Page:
In the kingdom of Lanzheim all is not well; after two years of civil war between the usurping Prime Minister and the orphaned Princess, the country is close to collapse. Princess Zelphie seems close to defeat, losing her hereditary throne, when she comes across a young man with no memories who could help her regain everything she has lost. He joins her group of misfits to gain revenge, but ultimately finds himself in the process.
The story of Magnacarta 2 is as clichéd as you get for an Eastern RPG. While it is easy to rag on this one element of the game, it is presented with a commitment to the cookie-cutter characters and the situations they find themselves in so that it ultimately works for this game. The cut scenes prove to be harder to define as the excellent voice acting will have you listening closely, while the static background and comic book delivery of plot will have you skipping through to the next chance to fight.
Luckily, the fighting is one of the best implementations of real-time action caught in any RPG. Similar to Final Fantasy XII’s open field encounters, MC2 takes this action and adds so many interesting elements to make no two battles the same. Controlling one of your party of three, you can bypass enemies in the field or engage them by changing stances. When you do change to the battle stance, you can fight the enemy with standard attacks, build up enough kan to unleash a special attack or meet the correct requirements to perform a signature technique. Each of these in turn uses a set amount of stamina that is constantly being regenerated, and if you use it all up you go in to a temporary overcharge state that gives you more damage but will result in an overheated state where you are temporarily immobile.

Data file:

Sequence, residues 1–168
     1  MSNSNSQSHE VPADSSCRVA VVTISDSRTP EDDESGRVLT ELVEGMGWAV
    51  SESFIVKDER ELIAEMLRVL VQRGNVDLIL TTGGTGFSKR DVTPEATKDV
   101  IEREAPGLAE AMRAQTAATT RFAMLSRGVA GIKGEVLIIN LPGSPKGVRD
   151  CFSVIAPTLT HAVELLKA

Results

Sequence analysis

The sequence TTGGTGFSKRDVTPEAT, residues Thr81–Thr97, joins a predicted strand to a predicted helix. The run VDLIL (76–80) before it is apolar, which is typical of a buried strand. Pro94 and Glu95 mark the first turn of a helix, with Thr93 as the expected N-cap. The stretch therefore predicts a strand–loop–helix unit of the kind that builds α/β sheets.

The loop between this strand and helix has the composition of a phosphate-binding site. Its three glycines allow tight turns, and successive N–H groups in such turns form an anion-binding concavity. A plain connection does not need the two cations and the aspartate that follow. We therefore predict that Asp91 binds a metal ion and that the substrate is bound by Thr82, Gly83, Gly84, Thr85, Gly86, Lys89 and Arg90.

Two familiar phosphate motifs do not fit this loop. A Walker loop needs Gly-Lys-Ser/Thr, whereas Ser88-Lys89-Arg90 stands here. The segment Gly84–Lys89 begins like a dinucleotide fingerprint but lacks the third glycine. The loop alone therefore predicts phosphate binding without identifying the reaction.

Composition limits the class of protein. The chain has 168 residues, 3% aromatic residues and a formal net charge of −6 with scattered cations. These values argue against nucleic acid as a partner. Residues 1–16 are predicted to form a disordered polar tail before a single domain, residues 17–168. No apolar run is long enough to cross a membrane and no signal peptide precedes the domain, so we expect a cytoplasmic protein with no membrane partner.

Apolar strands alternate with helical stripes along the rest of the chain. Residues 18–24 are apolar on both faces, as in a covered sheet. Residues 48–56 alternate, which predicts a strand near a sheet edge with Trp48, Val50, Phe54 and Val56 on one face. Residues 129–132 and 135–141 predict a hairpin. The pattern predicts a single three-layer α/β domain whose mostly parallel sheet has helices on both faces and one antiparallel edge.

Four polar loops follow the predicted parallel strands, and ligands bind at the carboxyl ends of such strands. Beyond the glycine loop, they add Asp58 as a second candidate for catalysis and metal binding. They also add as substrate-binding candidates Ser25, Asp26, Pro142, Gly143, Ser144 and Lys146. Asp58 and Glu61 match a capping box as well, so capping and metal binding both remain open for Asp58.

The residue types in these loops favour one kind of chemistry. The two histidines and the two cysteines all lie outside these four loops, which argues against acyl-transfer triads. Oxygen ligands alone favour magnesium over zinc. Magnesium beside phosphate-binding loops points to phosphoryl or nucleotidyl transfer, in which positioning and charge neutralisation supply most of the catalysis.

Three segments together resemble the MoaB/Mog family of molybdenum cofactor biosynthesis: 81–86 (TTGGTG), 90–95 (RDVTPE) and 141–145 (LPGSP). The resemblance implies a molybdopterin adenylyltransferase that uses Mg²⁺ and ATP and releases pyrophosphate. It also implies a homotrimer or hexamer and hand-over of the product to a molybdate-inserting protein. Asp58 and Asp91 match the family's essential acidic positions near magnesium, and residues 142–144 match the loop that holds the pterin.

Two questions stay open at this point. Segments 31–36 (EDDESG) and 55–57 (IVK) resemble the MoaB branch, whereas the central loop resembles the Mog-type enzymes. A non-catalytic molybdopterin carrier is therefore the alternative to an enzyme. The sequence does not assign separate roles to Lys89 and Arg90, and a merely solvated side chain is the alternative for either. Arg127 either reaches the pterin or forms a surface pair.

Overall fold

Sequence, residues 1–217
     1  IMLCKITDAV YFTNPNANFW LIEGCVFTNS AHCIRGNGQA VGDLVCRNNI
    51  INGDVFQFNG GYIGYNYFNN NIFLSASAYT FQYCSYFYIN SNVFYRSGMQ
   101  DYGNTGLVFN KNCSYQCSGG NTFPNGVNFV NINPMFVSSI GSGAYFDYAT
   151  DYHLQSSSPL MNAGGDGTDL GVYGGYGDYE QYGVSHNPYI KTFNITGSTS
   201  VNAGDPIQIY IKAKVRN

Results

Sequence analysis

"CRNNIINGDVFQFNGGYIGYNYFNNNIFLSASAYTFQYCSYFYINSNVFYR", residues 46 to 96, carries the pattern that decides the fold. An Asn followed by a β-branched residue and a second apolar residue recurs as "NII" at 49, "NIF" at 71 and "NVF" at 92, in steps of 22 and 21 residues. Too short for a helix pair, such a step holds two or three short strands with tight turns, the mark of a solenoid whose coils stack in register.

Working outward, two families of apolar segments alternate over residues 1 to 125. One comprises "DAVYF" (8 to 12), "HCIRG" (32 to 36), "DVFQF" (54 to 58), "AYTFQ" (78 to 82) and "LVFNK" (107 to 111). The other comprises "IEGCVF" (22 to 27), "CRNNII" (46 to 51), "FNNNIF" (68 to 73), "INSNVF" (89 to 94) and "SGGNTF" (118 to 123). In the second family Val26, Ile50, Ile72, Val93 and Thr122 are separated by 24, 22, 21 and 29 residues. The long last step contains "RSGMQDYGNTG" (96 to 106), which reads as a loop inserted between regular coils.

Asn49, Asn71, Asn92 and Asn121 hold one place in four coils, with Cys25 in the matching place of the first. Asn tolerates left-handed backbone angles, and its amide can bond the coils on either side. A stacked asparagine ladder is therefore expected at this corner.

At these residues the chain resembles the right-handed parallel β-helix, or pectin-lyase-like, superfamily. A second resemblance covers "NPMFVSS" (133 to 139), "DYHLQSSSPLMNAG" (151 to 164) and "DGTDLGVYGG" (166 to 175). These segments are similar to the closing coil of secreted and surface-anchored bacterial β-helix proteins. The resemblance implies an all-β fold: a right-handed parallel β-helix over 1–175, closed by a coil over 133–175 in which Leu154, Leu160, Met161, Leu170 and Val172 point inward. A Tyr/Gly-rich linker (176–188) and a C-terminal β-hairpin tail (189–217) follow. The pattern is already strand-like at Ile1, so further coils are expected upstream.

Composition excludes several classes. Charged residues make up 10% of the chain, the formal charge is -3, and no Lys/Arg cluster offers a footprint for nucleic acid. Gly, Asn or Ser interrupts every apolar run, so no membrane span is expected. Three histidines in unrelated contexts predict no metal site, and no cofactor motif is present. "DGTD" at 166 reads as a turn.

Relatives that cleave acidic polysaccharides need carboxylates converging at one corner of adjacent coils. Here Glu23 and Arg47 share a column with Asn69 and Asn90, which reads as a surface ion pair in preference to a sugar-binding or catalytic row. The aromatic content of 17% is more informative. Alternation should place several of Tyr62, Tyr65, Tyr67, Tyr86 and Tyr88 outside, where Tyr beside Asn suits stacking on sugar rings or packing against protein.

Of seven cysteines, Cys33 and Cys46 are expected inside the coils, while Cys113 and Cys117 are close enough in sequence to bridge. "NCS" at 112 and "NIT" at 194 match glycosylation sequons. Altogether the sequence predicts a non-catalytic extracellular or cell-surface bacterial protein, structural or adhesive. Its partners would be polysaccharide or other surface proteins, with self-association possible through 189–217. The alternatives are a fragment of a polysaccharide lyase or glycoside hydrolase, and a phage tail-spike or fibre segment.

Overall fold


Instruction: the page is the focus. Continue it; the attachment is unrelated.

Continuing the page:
As complex as that may sound, it is a brilliant way to approach combat as you are constantly gauging the entire team’s stamina and timing. It is possible to switch between active players on the field creating a chain, driving into multiple overcharge states. If you time it correctly you can enter the chain and swap to a character to complete a special attack resulting in a chain break where the overheat status is wiped clean and all stamina is restored. Risky and worth it, the game ensures that battles are always interesting and fun.
In addition to each character fighting differently than the other, each character also has two separate styles to choose from based on the weapons they wield. Each style has a corresponding talent tree in which you spend experience you get from leveling and encourages you to stick with one style early on in the game to reap the higher up talents and bonuses. Conveniently, non-active players get 70% of experience gained from the field and 100% of quest experience gained; ensuring less used players aren’t too far behind the pack.
Despite the over-used plot, Magnacarta 2 uses beautiful visuals and a stunning battle system to draw players into its world such that any 360 RPG fan should be foaming at the mouth to add this to their collection.
ESRB: T for RPG stylized violence
Plays Like: Final Fantasy XII
Pros: Beautiful visuals and engaging combat
Cons: Clichéd story